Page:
County and county equivalent. The terms “county” and “county equivalent” are defined to mean organized local governments authorized in State constitutions and statutes and established to provide general government. This includes governments designated as boroughs in Alaska, as parishes in Louisiana, and as counties in other States. This definition reflects the meaning of “county” used by the United States Census Bureau (see http://www.census.gov/​geo/​www/​geo_​defn.html#County), and creates clear boundaries and coincides with existing programs that are generally defined by existing State and local government boundaries.

Private nonprofit organization. A private nonprofit organization is defined as a secular or religious organization described in section 501(c) of the Internal Revenue Code (IRC) of 1986 (26 U.S.C. 501(c)), that is exempt from taxation under subtitle A of the IRC, has an accounting system and a voluntary board, and practices nondiscrimination in the provision of assistance. A private nonprofit organization does not include a governmental organization, such as a public housing agency or housing finance agency.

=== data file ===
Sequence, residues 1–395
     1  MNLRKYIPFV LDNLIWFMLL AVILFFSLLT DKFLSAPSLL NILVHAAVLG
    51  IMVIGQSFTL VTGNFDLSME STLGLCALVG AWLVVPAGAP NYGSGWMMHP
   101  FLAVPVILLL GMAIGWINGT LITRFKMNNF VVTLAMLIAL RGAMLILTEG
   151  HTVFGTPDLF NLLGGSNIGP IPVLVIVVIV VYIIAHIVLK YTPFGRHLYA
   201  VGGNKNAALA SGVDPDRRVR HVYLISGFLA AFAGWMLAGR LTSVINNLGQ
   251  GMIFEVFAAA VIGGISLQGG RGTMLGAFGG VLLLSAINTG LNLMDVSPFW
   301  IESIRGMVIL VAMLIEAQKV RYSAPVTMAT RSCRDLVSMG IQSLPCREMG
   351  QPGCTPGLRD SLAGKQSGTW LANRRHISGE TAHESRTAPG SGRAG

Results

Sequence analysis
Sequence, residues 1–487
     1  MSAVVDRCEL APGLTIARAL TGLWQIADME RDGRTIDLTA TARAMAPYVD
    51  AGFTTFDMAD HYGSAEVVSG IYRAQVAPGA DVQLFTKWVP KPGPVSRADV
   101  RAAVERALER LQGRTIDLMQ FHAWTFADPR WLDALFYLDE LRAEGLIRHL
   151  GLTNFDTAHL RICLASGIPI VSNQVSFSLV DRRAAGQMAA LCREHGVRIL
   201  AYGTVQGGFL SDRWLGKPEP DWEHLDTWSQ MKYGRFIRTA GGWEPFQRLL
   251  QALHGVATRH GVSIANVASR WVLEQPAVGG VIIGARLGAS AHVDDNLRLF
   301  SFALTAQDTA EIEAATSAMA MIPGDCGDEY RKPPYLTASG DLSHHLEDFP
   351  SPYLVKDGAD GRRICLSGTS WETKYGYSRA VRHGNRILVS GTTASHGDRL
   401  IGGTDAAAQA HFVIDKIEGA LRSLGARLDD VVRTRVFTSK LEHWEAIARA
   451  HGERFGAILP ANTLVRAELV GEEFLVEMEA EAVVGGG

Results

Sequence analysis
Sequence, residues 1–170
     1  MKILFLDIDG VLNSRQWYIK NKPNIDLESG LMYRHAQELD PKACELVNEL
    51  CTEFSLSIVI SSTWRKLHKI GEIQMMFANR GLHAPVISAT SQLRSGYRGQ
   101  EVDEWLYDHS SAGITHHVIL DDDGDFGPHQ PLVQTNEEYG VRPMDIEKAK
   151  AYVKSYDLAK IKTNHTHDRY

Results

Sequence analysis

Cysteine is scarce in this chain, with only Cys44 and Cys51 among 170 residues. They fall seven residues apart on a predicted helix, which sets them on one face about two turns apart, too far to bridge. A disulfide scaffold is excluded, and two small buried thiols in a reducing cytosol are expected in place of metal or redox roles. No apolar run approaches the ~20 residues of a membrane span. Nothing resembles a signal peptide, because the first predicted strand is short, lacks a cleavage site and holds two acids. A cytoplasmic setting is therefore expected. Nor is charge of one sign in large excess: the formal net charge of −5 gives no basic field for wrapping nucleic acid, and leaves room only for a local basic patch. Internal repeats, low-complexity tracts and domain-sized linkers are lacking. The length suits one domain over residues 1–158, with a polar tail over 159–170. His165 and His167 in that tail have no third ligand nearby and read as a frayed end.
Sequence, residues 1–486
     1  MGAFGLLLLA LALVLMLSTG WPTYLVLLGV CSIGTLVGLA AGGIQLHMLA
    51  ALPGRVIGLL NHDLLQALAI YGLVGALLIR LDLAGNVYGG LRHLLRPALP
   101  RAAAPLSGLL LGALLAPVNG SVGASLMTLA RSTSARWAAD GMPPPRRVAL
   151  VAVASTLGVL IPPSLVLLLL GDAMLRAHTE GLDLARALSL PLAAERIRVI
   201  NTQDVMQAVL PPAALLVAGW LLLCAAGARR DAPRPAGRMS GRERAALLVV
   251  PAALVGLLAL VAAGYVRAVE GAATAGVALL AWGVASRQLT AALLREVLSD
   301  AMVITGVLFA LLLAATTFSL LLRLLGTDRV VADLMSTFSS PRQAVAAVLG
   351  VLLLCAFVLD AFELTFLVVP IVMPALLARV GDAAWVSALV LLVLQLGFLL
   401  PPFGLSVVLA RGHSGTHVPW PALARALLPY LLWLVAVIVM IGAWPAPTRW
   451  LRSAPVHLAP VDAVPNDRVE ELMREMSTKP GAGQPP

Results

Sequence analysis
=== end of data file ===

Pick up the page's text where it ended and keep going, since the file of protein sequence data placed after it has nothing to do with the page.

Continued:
Program participant. The definition for “program participant” covers the three categories of beneficiaries eligible to receive assistance under this program. Those categories of beneficiaries are individuals and families who are: (1) homeless (as defined by the Emergency Solutions Grants rule at 76 FR 75954), (2) at risk Start Printed Page 18730of homelessness (as defined by the Defining Homelessness rule at 76 FR 75994), or (3) in the worst housing situations (as proposed below in 24 CFR 579.3).